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The dark side of a Kenyan graduate

By Allan Katana | October 7th 2019

The day when they are crowned to be degree graduates in different fields of study is the best day of their educational journey. Parents and friends send them congratulatory messages, something that makes them feel loved.

People who spend on them, especially on the expensive fee structures, feel their cash did not go to waste out of the excellent job done by the graduate. The community around the graduate feels the pressure of doing the same, and they emulate the graduate's steps believing that they are now mentors.

What the outside world fails to understand is that there are many ways to become successful when it comes to books during the four years of study on campus; it's a graduate's secret. What matters is the degree in hand. Pressure comes after all celebrations are done, and now the graduate is left with his/ her papers, not knowing where to start.

We have the lucky ones whose parents take it in hand to ensure that they provide the necessary connections so that their kids may land themselves a job. The majority, are left to wonder which office they will step in to provide their papers having in mind nepotism, corruption, lack of jobs, and favoritism have deepened their roots in the job markets.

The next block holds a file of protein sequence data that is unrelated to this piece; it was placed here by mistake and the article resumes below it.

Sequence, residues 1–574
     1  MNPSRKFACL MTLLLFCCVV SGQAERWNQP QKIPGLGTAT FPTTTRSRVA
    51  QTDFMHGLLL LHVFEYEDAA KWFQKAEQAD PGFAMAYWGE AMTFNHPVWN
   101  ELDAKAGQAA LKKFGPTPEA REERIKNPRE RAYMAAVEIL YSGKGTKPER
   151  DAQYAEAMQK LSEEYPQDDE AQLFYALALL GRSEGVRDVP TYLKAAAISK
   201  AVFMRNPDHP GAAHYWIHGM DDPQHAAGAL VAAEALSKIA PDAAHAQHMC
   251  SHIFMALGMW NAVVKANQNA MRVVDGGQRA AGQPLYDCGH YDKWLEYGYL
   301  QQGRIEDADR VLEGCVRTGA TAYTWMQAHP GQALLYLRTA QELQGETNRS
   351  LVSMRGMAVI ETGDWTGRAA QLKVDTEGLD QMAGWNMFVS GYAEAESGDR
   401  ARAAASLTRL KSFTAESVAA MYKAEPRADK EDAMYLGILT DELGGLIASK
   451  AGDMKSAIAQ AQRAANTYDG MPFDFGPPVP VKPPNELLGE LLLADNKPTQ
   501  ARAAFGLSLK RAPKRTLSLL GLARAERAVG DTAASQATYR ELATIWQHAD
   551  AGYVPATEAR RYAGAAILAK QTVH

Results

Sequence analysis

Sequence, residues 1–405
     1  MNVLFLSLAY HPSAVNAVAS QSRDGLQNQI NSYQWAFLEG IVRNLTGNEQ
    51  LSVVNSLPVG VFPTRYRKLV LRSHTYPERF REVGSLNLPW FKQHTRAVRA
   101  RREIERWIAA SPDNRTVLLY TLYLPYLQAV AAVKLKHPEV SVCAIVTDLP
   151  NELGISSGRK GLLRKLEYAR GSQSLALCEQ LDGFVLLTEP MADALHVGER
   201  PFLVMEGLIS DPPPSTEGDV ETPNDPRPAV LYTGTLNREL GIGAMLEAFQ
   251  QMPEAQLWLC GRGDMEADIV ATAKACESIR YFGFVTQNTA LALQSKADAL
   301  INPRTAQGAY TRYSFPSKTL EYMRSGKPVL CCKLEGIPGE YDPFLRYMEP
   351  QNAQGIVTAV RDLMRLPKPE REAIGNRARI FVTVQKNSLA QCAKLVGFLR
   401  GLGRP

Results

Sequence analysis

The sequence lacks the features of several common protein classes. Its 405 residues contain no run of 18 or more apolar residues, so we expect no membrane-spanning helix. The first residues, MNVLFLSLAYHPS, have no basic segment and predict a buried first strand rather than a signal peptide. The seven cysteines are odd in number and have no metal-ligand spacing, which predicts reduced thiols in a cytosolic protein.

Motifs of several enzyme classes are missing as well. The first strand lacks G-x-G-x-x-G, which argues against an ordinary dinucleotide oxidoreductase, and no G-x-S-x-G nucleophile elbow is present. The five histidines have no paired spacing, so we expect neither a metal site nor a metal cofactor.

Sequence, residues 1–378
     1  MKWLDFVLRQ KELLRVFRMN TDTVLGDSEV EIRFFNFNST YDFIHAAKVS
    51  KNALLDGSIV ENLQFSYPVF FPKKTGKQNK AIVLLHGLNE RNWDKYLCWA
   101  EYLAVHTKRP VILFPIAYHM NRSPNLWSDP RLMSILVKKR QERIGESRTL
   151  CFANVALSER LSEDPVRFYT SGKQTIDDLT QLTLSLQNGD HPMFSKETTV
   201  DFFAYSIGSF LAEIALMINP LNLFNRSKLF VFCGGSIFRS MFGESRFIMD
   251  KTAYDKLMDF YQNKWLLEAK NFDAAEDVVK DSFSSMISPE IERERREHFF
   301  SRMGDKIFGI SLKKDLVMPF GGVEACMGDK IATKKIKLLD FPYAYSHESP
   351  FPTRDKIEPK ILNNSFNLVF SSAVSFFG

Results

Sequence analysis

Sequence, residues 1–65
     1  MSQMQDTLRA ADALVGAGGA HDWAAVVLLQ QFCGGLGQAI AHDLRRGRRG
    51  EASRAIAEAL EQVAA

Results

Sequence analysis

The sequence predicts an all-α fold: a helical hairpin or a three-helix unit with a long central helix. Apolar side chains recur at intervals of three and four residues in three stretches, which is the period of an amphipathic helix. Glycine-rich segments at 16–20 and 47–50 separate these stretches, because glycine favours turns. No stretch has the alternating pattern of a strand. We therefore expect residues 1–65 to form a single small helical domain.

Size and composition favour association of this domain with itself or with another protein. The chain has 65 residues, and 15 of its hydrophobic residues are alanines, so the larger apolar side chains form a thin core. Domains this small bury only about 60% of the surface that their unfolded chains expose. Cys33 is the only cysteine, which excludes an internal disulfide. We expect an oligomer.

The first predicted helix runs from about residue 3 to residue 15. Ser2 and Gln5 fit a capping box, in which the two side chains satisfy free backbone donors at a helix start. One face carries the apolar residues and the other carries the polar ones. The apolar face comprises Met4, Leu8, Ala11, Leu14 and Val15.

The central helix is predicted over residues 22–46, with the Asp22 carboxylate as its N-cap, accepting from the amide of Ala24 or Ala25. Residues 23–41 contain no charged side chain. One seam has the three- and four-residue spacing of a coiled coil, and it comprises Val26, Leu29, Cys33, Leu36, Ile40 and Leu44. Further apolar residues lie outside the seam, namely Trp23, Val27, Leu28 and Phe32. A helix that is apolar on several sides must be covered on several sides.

To add salt into their fresh wounds, back home, their parents keep on pressuring them to go and look for jobs so that they may support their siblings. The community also adds more pressure as it always asks if the graduate has secured a job.

Lots of CV's and education transcripts keep flooding various offices as graduates never tire to apply when they see adverts either in social or print media. Many curse the day they were born when they spend two years of joblessness after graduating while the available jobs require 15 years of experience, and they end up landing on old individuals who have businesses and head various parastatals. It's one thing to graduate and another to earn yourself a job.

We might be in a 3rd world country where jobs are rare despite the government promising voters it will secure them jobs, but that should not be a reason to bring youth funds which are given based on a tribal basis.

Most graduates come with ideas, take them to the required authorities, but get disappointed after finding out that the money meant to support the youth in self-employment is not yet disbursed. Thinking of farming, most find it unnecessary due to the change of weather and corruption in the country.

Furthermore, starting a business requires hefty capital, which most graduates don't have. With little or no options left, graduates now think of easy ways to making money, thus indulging themselves in looking for sponsors and betting, which are games of luck with very harsh outcomes like death and depression.

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